An Immoral Budget

A shift in focus . . .

I don’t usually write about politics per se in this blog. I prefer to focus on stories, on the psychological dimensions of current issues, or on the spiritual side of events. I’ve been away from the blog for almost two months now, and during that time I’ve watched—and mourned—as the Trump administration has begun to dismantle the institutions of the United States. During that time, while the blog was down, I decided I must act on my conscience. Still, I was troubled by the idea that I might be writing about politics.

 

But yesterday, the release of Trump’s budget persuaded me that I must. Specifically, what spoke to me was the explanation Mick Mulvaney, Trump’s budget director, offered for why the enormous increase in the military and defense budget will be paid for by equally enormous cuts in programs to protect all the humanitarian, cultural, environmental, and anti-poverty programs. His explanation was and remains a repugnant repudiation of the values reflect the most moral side of the United States. If this budget passes (which I cannot imagine it will), we will have entered not merely a constitutional and institutional crisis, but a moral crisis.

 

This moral dimension to the budget (any budget reflects the moral values of the administration, but Trump’s most blatantly expresses the immorality of this administration) led me to decide to locate one act of my resistance here on my blog. I realize that will alienate some of my readers, for which I am sorry. I won’t be writing about politics in itself, but about the moral and spiritual dimensions of the current political scene. I will be writing to express my outrage—and I pray, my hope.

Politics is not a-moral, but it can be immoral 

I’m a novelist, but I’m also a psychologist. I recognize that psychological issues often mask spiritual issues. The corrosive shame felt by some folks who seek therapy sometimes hides a profound spiritual emptiness, and begins to dissipate when they find a spiritual path that brings light into their lives. On the social and political level, an actor—Donald Trump, Mick Mulvaney, Sean Spicer, for example—who routinely behaves in flagrantly abusive or dishonest or self-aggrandizing ways may be suffering some kind of psychological trouble. But more importantly, the behavior reflects a lack of spiritual center. This is all the more important to remember about people who pander to honest folks who profess Christianity.

 

More to my point, we citizens who are routinely forced to endure ugly words and abusive behaviors—via press conferences or TV interviews or executive orders or midnight Tweets—can find our own moral compass wavering. “Can that be true?” “Should I really believe that?” “Am I crazy?” Worse, we can be tempted to express contempt, to resort to vitriol, the last refuge of the powerless. We citizens, facing this, face a moral dilemma ourselves: How can I resist the moral darkness without becoming dark myself? These questions I want to explore in my blog in coming weeks.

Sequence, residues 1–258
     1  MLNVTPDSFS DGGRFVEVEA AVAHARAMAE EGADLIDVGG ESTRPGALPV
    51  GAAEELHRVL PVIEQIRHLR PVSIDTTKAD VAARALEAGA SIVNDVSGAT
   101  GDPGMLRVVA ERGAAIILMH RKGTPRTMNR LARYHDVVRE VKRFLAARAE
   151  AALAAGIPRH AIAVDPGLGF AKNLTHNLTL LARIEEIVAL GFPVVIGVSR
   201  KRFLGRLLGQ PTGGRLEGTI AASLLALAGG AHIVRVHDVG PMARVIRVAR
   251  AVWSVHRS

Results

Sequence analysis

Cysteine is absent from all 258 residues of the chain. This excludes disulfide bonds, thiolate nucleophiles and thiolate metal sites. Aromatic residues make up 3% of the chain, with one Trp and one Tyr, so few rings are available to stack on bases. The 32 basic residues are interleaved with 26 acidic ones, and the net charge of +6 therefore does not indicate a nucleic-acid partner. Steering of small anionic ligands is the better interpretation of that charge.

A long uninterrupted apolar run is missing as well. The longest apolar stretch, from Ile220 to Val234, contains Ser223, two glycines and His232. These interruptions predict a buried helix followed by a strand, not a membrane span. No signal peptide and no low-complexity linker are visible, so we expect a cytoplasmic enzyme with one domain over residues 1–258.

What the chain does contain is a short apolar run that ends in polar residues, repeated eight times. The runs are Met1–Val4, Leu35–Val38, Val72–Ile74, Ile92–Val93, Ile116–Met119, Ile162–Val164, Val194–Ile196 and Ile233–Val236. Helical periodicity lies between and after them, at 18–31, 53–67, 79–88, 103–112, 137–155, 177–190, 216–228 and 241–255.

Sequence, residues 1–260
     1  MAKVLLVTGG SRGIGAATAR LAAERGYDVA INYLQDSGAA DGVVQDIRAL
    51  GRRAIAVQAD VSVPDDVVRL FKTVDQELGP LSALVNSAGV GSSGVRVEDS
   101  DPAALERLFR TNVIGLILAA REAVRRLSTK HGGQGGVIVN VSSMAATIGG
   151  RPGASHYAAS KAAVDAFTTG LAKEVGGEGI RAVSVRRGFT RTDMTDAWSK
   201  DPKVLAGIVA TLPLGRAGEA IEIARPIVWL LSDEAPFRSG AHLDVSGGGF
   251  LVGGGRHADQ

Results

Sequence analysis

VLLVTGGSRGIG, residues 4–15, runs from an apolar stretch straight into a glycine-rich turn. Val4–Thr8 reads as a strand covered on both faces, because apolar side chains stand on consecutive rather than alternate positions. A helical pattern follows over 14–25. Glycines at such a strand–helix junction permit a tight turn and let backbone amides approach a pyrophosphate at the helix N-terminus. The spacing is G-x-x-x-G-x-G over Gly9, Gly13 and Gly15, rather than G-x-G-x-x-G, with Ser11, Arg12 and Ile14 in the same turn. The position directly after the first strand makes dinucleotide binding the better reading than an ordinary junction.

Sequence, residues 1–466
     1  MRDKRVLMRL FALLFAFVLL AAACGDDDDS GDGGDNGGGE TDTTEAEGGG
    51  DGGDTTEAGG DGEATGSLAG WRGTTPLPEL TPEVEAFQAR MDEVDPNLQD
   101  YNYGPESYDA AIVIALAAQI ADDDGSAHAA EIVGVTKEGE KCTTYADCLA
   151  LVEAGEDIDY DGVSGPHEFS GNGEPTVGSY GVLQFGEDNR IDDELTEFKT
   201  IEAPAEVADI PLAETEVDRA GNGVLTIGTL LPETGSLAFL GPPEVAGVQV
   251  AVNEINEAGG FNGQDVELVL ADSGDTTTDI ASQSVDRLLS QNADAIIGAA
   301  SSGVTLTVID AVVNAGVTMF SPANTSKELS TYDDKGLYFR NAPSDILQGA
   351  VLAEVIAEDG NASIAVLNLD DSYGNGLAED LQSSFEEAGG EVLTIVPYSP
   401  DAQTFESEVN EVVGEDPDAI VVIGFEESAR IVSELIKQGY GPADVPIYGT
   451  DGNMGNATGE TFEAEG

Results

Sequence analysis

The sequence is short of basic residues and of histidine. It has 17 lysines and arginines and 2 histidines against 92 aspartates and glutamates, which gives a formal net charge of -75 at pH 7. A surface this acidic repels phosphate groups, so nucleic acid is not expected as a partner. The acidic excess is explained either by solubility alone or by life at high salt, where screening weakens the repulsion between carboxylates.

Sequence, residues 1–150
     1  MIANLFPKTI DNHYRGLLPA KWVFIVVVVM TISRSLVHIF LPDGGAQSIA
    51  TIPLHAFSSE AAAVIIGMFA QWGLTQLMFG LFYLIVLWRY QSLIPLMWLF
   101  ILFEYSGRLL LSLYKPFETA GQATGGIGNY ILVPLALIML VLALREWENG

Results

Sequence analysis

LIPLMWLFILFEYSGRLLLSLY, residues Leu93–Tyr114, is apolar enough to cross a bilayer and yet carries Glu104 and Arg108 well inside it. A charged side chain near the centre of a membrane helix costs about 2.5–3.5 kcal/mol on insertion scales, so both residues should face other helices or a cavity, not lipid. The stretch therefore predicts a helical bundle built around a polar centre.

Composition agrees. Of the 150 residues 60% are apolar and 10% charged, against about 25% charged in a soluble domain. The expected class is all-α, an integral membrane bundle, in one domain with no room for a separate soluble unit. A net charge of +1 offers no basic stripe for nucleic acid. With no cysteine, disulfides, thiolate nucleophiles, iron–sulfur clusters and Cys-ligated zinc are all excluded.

A horrific example . . .

Let me give one example: Yesterday, Mick Mulvaney said that the drastic cuts to the humanitarian side of the budget were “probably one of the most compassionate things we can do.” He went on to say that the government had a moral duty to make sure that a “single mom with two kids in Detroit” doesn’t have to pay for programs—like Meals-on-wheels, like free and reduced lunch for poor kids—that don’t have “a proper function.” A proper function?

Because feeding the poor is not a “proper function” of government? Because feeding hungry kids is not a “proper function” of government?

 

This is beyond repugnant, it is evil.

 

His argument turns compassion on its head. That single mom in Detroit will suffer greatly under Trump’s budget, and the budget director has the gall to claim that the cuts are being made on her behalf! To pose as the protector of the vulnerable while proposing to attack the institutions that actually protect and serve them, is cancerous. Even more morally appalling, the administration will take the savings from all programs that protect the vulnerable—whether vulnerable folks or vulnerable ecosystems or vulnerable peace agreements and treaties—and redistribute them into the pockets of the wealthiest and the engines of war.

 

No one asks what the poor mom in Detroit thinks about her taxes going to wage war or to further enrich the wealthiest, who need no more money. These are evil priorities. If the budget—and the ideology behind it—hurt everyone equally, proportionately, that would be debatable but fair. If Meals-on-Wheels and kids’ lunches and the defense department were cut by the same percentage, then okay, we can argue that without diving into the mud. But this budget, launched before St. Paddy’s day, is green with the slime of immorality, not the radiance of hope.

Author: Bill Percy

I’m an award-winning Idaho author, my “second chapter” after 40 years as a Minnesota psychologist.During my Minnesota years, I wrote for and taught graduate students, switching to fiction in 2009. My 2014 novel, “Climbing the Coliseum,” was a Finalist for the 2014 Foreword Reviews’ Book of the Year Award in general fiction. My second novel, “Nobody’s Safe Here,” won the Distinguished Favorite award in the Independent Press Award contest in 2017. Check out my website at www.BillPercyBooks.com.

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